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On Building a Simple and Thoughtful Lifestyle, Beginning with Gratitude and Mindfulness

My mother and I had a telephone conversation this morning that I can only describe as warm.  It left me feeling good.  It made me miss home and her advice and the ability to meet for lunch in town during a busy workday or stop by after dinner for a movie.  My relationship with my mother is not perfect – it never has been or will be – but it is one of love and respect for one another.  After I hung up with her, the warmth I felt was wonderful, and I wouldn’t be doing her justice if I didn’t mention my gratitude for her presence in my life.

I’m not too proud to admit that being grateful for the special things in my life – be it little or big – is difficult to do every day.  However, with the holidays coming up I’m trying to be extra mindful of all the wonderful gifts in my life.  Despite the everyday stresses, I am working toward a better awareness of the gifts I’m given every single day.  Enjoying the now, the present moment, is so much easier when you aren’t focused on hindsight or foresight.

The topic of gratitude and mindfulness is near-and-dear to my heart.  I truly believe that if we choose to live in a more mindful atmosphere and allow ourselves the reflection on our gifts, a simple and more thoughtful lifestyle can be borne from that choice.  It is something that must be worked at – I am always working toward that lifestyle – but the rewards reaped from that effort far outweigh that which might be forfeit.

I’ve gathered together some simple tips and tidbits that have helped me focus on the here-and-now rather than the could’ve-been’s and can-be’s.

  1. Unplug it.  Feeling inundated with too much noise?  Whether it be real noise such as the television or radio in the car or digital noise on social media and the Internet, we are always actively searching for that next bit of entertainment.  With so many options of things to fill your mind up, there is hardly any room for peace.  I like to practice at least 30 minutes of quiet in the morning and at night to focus on the positive aspects of the day and remind myself of all that there is to be grateful for.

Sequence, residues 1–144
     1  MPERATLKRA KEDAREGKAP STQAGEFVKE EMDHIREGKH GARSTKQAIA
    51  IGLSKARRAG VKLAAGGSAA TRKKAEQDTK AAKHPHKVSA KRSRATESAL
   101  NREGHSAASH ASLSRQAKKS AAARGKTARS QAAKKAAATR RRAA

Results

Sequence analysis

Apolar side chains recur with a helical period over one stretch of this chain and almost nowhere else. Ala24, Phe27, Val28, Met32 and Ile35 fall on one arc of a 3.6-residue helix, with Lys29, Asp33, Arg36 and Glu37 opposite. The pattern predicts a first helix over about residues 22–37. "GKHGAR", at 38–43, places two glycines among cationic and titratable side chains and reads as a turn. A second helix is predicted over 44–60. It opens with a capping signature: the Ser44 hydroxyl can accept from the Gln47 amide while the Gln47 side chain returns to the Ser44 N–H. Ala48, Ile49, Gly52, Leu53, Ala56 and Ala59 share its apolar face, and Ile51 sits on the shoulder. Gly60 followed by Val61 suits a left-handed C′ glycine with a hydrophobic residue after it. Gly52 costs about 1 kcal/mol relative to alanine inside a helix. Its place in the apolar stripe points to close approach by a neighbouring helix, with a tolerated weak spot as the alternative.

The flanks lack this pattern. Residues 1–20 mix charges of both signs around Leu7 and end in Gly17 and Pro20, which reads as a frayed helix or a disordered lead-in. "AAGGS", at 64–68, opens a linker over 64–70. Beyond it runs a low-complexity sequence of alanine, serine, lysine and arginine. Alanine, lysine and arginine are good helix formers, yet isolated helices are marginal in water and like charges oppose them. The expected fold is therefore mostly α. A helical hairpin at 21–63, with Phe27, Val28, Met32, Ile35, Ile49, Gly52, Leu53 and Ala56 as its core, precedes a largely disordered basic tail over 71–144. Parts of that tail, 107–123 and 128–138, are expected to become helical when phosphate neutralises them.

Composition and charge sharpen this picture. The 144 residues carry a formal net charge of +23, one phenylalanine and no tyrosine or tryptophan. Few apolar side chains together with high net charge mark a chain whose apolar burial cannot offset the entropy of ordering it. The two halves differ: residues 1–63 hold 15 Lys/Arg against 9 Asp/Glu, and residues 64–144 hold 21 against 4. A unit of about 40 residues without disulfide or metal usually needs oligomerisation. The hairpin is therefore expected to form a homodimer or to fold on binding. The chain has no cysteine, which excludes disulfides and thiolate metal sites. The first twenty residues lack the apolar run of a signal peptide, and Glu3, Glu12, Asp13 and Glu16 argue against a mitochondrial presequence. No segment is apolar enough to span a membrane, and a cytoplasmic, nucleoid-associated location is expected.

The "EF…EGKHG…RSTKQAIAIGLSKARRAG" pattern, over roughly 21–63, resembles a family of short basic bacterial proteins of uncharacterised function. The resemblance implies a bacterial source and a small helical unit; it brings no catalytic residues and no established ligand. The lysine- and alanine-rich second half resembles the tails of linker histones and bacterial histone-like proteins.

2. Slow down.  Similar to unplugging ourselves from all the constant dings, pangs, and beeps of the world around us, slowing yourself down leads to gratitude and higher productivity levels.  When we’re no longer multitasking during every item on our busy daily agendas, we are given a chance to notice what may have been lost in the more active moments of the day.   Taking a few moments to focus on breathing or one thought you had that you promised yourself you’d come back to allows us to focus our energy into the special things, both big and small, that we might overlook each day when rushing from one thing to the next.
  3. Let go.  Life is hectic, especially during the holiday season.  Instead of asking yourself one hundred questions about the presentation you gave at work or the list of groceries you gave your significant other that might be missing one or two items, allow yourself to stop.  When the action is over, let it be over.  Fretting over what cannot be changed only creates unneeded stress and shortens the mental view of the “big picture”.
  4. Enjoy life.  Hand-in-hand with letting it go, a lot of us – myself included – allow our fretting to get in the way of our enjoyment of activities and things that usually bring us happiness.  Instead of enjoying a movie with your significant other, you’re anxiously going over the notes on your company’s latest acquisition that may have had an error in them.  Instead of going out to dinner, you stay home because you don’t want to see the dip in your finances.  This one is difficult, folks, and I am still struggling with it, but it allows for so much clarity once it’s achieved even just once that you’ll want to continue achieving it over and over.

These four guidelines have allowed me to feel more gratitude and enable more mindfulness throughout my day than I had before.  They enable me to focus on the already-great aspects of my life rather than the could-be-better’s.

The holidays are a time to reflect on the gifts you have been given as well as the gifts you continue to receive.  Permitting yourself to see how fortunate you are enables you not only to decompress before, during, and after your day but also reveals those things that should be celebrated.  For me, I feel the most gratitude for my parents at home in Vermont, my sister away at school in New York, my little family here in Philadelphia, my brilliant friends both near and far, the roof above my head and the space beneath.

During the season of giving, I’d love to hear some of what you are most thankful for receiving.  Large or small, no story is insignificant, and I can’t wait to hear them!

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